The committee tasked with selecting Harvard’s next president convened in Cambridge Sunday evening for a closed-door meeting to discuss the search.
Between regular sessions of the Harvard Corporation and the Board of Overseers—Harvard’s two highest governing bodies—the 12 members of the Corporation and the three Overseers who comprise the search committee gathered to consider who will succeed outgoing University President Drew G. Faust.
As they left another Loeb House meeting on an unseasonably warm Monday morning, several search committee members declined to comment on the subject of Sunday’s meeting. William F. Lee ’72, the Corporation’s senior fellow and the search committee chair, declined to comment. When informed that The Crimson wanted information about Sunday’s meeting, University Treasurer and Corporation member Paul J. Finnegan ’75 demurred.
“I bet you do,” he said.
Historically, presidential search committees have taken a number of steps to keep their deliberations confidential. In 2001, then-candidate Lawrence H. Summers, Faust’s predecessor, arrived at his formal interview with the search committee through a service elevator to avoid the press.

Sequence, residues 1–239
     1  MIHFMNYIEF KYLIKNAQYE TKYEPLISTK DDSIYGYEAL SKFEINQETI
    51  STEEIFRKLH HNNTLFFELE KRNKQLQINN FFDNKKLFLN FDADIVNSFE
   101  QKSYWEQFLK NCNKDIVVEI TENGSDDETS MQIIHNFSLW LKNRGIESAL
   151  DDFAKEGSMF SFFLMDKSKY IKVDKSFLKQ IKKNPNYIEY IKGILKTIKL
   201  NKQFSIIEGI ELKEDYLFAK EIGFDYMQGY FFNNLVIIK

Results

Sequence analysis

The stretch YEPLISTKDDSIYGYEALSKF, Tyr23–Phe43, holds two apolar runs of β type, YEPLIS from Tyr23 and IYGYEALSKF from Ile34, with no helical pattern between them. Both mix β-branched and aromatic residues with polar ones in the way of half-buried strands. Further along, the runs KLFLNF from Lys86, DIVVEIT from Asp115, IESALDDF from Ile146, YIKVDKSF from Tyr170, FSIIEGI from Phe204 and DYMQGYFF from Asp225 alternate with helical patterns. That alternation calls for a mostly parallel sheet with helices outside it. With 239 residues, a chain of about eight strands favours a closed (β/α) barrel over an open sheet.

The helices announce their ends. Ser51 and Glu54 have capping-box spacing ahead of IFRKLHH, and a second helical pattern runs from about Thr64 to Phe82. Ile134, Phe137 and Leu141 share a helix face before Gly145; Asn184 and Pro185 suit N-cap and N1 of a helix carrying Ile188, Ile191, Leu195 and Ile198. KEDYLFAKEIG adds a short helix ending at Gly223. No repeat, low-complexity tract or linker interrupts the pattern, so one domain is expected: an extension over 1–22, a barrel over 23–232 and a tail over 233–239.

Earlier this month, Corporation member Susan L. Graham said that the search remained in “information-gathering mode,” as it solicits and reviews ideas from Harvard affiliates on who should ascend to Faust’s position once she departs in June. Since then, the committee has unveiled the members of a student advisory committee that will weigh in on the search. The group already appointed faculty and staff advisory groups over the summer.
Economics department chair David I. Laibson ’88 said that social science department heads will meet with a member of the search committee later this week. In past searches, members of the search committee have met with department chairs over breakfast to gauge faculty opinions.
On Monday morning, Corporation members filed into Loeb House, briefcases in hand, to examine the University’s finances. According to former Corporation member Nannerl O. Keohane—whom billionaire philanthropist David Rubenstein replaced over the summer—half of the Corporation members, in addition to outside experts, serve on a finance committee, which typically meets Monday mornings on the weeks Harvard’s decision-makers come to town.
“They’re nominated and chosen by the Corporation, but they join the meetings so that we have deeper expertise,” Keohane said of the outside specialists in an interview in April 2016.
The finance committee meeting came less than a week after Harvard Management Company CEO N.P. Narvekar released what he called a “disappointing” 8.1 percent return on the University’s investments. Narvekar attended Monday’s meeting, as did Overseer and search committee member Tracy P. Palandjian ’93.
—Brandon J. Dixon contributed reporting to this article.
—Mia C. Karr contributed reporting to this article.